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New to 308 reloading

Discussion in 'Reloading' started by wbstx11, Sep 20, 2015.

  1. wbstx11

    wbstx11 New Member

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    Hi everyone – I am new to rifle reloading, I have been re loading38 spcl and 45 acp for about 3 yrs; started off with RCBS Rock Chucker &Lee dies, and later got a Lee Loadmaster Progressive (finicky junk!). I will stick to the Rock Chucker for 308reloading. My rifle is a Ruger American22” with 1:10 twist. Mainly I target shoot for personal satisfaction and I wantto see how accurate I can get with this rifle. This is just a hobby for me. Last trip to the range I shot severalcommercial ammos @ 100 yards and averaged 3 groups of 3 rounds each andmeasured the following average results: HornadySuperformance 165gr SST - 1.25”; Fiocchi Extrema 180gr SST 4.5”, FreedomMunitions Remanufactured 147gr FMJ 3.25” and Federal 180gr SP 3.25”. I boughtsome used military brass – mostly LC 12 and LC 13 which I am processing andsorting/culling. I have FL sized, headspaced, trimmed OAL, and drops into chamberOK. My question is: to focus onaccuracy, where would you start? – what are some of the key issues to makepriorities? I have a Hornady HeadspaceComparator, a Wilson case trimmer, a Lyman electronic powder measurer, LeeDelux Die Set, Lee decapping die, and plan to use Varget mostly, also haveRL15. I’ve read a lot, like what I’veread on this site – so I thought I’d ask.
     


  2. Dawico

    Dawico Uncoiled Lifetime Member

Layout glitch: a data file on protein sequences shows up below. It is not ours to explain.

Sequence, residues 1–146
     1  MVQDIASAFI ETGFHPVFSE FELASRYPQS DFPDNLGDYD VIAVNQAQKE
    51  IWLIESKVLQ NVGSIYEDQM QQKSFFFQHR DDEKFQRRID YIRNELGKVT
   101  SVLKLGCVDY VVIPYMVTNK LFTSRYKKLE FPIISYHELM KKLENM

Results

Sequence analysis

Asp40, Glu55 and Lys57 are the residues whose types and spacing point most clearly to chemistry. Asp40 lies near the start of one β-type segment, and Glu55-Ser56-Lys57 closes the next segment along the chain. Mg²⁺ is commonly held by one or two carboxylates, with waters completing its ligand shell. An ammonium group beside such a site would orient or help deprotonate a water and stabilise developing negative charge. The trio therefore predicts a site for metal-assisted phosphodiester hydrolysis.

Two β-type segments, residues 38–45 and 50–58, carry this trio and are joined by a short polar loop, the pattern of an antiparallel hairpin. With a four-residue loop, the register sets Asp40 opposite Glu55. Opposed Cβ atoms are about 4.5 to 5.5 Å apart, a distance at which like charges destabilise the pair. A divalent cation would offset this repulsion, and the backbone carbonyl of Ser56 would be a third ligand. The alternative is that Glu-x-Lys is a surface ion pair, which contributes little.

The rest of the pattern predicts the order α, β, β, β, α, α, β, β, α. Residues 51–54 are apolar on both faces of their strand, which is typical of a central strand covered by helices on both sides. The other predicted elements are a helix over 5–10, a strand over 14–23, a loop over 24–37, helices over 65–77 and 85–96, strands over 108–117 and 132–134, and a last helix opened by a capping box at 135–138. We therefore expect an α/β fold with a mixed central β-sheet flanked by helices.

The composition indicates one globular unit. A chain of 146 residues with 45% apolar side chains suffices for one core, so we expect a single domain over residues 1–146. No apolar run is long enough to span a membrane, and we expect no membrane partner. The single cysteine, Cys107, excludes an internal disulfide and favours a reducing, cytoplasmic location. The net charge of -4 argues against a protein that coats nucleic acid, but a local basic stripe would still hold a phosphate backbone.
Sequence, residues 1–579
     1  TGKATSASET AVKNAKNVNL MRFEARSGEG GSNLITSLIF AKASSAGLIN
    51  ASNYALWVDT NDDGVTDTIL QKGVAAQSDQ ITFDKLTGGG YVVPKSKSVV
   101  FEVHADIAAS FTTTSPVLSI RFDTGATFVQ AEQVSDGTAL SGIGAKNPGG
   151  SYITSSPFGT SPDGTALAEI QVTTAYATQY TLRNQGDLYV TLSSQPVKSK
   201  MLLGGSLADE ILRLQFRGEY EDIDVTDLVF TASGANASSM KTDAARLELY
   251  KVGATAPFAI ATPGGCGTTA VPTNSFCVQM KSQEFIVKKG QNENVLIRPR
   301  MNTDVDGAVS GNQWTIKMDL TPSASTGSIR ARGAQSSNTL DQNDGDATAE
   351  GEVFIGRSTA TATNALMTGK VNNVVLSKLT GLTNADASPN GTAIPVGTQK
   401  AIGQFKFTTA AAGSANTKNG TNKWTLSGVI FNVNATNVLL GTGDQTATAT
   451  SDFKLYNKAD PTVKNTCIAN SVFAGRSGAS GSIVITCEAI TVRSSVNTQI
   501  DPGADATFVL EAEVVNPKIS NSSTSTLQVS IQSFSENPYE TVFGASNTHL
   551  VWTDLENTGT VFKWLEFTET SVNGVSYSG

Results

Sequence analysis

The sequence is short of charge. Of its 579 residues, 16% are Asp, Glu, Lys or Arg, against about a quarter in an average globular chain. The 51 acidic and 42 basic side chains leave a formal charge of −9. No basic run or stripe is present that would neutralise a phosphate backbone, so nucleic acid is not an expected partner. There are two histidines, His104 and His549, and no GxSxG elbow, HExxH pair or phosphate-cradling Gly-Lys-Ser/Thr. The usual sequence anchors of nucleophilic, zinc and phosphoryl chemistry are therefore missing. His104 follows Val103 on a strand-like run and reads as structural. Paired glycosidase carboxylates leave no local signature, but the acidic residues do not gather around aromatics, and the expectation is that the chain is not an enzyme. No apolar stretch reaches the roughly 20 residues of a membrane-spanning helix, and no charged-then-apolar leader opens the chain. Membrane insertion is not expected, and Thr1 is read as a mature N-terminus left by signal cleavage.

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    Good bullets and good brass are the keys.

    Trim your brass all the same and weigh them. Load brass in groups that weigh the same, even if each group weighs much different. In time you will need to buy better and more expensive brass but any will work to start with.

    1:10 twist barrels seem to like heavier bullets but that is a very general rule. I would try 178 gr Amaxes as my rifle liked them, but heavy SMKs should work well too. Most .308s do well with 168gr bullets too. If you want the most out of your rifle stick with match bullets like Hornady Amaxes, Sierra MatchKings, or even others that are more expensive. If you want a good match hunting bullet I like Hornady SSTs.

    I used to load with 4064 but Varget seems to do well too.

    Eventually you will find that your rifle and shooting ability will be the limiting factors. If 1" 5 shot groups are your goal you should be able to do it with what you have. Smaller groups get very spendy.

    One of the keys to small groups is consistency. This is where spending more on brass and bullets comes into play.
     
  3. Charlie

    Charlie TGT Addict TGT Supporter

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    What he said. Go slow and keep them consistent. Load several different amounts of the same powder and vary them .2 grain. Find the one your rifle likes.! Good luck.
     
  4. Dawico

    Dawico Uncoiled Lifetime Member

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    Concentrate you efforts toward mid range loads too. Hot rodding you ammo usually isn't the best way to get little groups.
     
  5. ed308

    ed308 Well-Known

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    Couldn't have said it better. But make sure that .308 rifle has a good trigger!